A particular annoyance is that authors, both in modern “conventional” publishing* and in self-publishing are increasingly forced to do tasks that are unnatural matches with their likely skill profiles and interests, notably marketing, while those tasks that are more creative, short of the actual writing, are removed, including matters of book design and typography. If (!) the argument was that “authors know writing; we, the publishers, know typography, design, and marketing”, this might be acceptable.** In reality, the argument is “we, the publishers, make the creative decisions; you, the authors, do the boring leg-work”.

*One of several reasons why I ended up not even attempting the conventional route. (Other reasons include an apparently increasing shift in who earns what portion of the money, similar to the record industry, the need to be more “commercial” than I am, and the strong PC angle of the industry.)

**And, in my impression, this is how it used to be.

Written by michaeleriksson

August 6, 2022 at 1:57 pm

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A few thoughts on Nabokov’s “Laughter in the Dark”

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During my recent escape to Düsseldorf, I picked up a copy of Nabokov’s “Laughter in the Dark”.* While I enjoyed reading it and saw a few points to improve my own writing, I found it interesting primarily as a counterpart to “Lolita”, with strong parallels in behavior and situation between the respective male protagonist (Albert** Albinus resp. Humbert Humbert) and female temptation (Margot resp. the eponymous Lolita): in both books, an older man falls for a younger woman, makes himself a fool and ruins himself as a result, with an end involving a confrontation with a gun and death*** for the protagonist. Indeed, the similarities are large enough that the one might amount to a reworking of the other by a more mature author, as “Lolita” is considerably longer and later.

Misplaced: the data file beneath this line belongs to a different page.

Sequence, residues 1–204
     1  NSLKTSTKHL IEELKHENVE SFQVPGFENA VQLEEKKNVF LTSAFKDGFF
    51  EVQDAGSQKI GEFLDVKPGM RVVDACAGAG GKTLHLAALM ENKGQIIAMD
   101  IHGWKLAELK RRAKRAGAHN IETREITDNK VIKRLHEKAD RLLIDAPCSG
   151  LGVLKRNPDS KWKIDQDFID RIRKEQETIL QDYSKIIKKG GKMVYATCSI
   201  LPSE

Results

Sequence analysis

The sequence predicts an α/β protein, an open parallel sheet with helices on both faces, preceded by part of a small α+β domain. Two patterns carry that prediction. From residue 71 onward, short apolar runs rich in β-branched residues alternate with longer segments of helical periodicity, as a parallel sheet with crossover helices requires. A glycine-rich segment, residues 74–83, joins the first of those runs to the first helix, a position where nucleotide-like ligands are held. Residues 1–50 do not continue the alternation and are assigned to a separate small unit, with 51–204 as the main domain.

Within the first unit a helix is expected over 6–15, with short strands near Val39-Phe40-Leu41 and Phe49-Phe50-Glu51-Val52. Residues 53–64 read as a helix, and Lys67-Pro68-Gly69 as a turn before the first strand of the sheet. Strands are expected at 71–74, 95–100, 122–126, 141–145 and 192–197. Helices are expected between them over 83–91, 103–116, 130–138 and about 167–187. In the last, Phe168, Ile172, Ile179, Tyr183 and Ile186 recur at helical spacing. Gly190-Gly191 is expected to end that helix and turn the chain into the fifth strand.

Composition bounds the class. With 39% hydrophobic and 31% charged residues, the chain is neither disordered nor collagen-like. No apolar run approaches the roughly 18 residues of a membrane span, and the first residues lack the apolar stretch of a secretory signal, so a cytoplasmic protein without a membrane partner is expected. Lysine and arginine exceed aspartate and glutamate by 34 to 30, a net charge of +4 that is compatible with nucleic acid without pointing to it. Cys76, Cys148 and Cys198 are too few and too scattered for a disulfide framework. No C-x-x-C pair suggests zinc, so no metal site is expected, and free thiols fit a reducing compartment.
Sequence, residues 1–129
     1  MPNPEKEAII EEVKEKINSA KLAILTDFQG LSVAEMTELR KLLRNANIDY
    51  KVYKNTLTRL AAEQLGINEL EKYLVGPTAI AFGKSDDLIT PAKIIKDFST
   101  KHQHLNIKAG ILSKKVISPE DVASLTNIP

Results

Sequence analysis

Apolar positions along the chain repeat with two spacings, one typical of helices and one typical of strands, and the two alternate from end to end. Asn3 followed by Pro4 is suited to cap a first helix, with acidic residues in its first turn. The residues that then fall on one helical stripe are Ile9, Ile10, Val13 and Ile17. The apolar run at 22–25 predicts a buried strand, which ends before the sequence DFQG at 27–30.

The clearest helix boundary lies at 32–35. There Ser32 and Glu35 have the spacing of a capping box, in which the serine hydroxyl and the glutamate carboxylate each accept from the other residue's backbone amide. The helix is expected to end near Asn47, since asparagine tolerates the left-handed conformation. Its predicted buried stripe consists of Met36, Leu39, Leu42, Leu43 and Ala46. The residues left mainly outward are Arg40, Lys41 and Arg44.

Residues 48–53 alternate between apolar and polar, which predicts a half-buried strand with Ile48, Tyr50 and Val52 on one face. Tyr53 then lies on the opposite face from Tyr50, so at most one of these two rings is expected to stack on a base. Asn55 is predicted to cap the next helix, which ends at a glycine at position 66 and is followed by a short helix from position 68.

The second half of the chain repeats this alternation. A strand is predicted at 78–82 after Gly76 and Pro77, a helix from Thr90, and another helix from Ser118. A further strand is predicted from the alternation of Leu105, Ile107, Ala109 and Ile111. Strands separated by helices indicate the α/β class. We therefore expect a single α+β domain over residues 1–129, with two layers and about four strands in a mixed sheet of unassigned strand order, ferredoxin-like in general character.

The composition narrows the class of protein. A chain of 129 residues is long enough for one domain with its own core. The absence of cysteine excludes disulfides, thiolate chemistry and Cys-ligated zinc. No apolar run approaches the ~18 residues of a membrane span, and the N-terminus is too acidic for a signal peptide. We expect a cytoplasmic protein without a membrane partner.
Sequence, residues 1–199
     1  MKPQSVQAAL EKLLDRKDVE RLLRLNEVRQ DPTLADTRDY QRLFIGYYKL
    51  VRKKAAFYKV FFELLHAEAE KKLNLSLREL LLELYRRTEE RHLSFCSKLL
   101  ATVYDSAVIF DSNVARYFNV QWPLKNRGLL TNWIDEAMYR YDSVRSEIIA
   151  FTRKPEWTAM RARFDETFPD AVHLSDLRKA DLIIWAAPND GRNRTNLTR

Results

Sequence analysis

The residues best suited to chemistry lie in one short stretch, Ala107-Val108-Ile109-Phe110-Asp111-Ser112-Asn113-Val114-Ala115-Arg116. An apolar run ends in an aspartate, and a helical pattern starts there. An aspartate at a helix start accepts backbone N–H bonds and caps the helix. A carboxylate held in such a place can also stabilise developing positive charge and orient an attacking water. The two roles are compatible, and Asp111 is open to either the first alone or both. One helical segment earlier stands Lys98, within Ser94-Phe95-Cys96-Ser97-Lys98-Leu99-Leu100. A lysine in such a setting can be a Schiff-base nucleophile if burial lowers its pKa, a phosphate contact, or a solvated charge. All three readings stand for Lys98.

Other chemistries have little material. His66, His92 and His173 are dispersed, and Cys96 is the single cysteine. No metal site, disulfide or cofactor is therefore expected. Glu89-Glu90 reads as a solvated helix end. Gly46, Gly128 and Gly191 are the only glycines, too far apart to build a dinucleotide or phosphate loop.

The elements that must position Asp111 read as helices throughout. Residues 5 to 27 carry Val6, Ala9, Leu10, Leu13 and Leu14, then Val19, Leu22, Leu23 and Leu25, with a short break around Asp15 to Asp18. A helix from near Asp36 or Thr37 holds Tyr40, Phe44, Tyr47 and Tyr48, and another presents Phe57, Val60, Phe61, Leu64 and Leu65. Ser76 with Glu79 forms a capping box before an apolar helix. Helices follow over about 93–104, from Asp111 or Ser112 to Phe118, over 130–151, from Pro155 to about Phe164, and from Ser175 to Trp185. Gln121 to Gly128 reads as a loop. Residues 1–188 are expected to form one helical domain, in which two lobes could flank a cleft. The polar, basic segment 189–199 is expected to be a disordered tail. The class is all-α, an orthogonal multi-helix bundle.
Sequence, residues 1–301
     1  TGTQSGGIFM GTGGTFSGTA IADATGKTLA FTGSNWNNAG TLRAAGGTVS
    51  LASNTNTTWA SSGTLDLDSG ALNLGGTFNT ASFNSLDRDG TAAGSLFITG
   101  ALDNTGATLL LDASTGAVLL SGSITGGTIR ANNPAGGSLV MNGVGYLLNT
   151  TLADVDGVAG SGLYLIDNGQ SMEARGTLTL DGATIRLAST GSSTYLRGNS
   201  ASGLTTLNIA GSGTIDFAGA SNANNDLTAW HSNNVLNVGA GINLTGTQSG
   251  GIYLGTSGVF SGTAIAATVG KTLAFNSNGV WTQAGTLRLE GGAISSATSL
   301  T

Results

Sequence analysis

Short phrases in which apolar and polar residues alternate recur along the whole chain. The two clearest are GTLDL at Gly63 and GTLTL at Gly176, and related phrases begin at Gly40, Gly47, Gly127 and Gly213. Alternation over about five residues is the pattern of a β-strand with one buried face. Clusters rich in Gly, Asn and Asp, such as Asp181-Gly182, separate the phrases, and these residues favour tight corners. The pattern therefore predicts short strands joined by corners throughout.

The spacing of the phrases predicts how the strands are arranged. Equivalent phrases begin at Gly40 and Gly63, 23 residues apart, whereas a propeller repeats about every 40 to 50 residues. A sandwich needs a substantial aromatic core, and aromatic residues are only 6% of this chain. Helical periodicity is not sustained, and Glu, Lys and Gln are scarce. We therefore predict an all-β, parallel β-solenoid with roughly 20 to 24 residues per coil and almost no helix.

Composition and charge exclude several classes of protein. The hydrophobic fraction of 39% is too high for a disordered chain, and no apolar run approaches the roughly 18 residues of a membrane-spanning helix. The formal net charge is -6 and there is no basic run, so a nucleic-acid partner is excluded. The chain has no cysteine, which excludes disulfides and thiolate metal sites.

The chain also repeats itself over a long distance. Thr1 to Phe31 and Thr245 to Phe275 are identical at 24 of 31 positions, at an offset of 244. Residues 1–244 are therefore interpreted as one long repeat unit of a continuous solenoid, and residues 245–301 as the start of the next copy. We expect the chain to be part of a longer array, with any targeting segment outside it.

*Apparently, originally published in Russian as “Kamera Obscura”, and subsequently translated by the author into English. Even with a translation by the author, it cannot be ruled out that the original differed in some respects, e.g. prose quality. Oddly, the two main characters are from Berlin, where much of the book plays.

**This name is used, but sufficiently rarely that I am not certain whether it is his actual given name or some type of joke/pet/whatnot name or even an error. I cannot (without re-reading) rule out that the given name, too, is “Albinus” (paralleling “Humbert Humbert”), or that the given name is “Albinus” and that the family name goes unmentioned.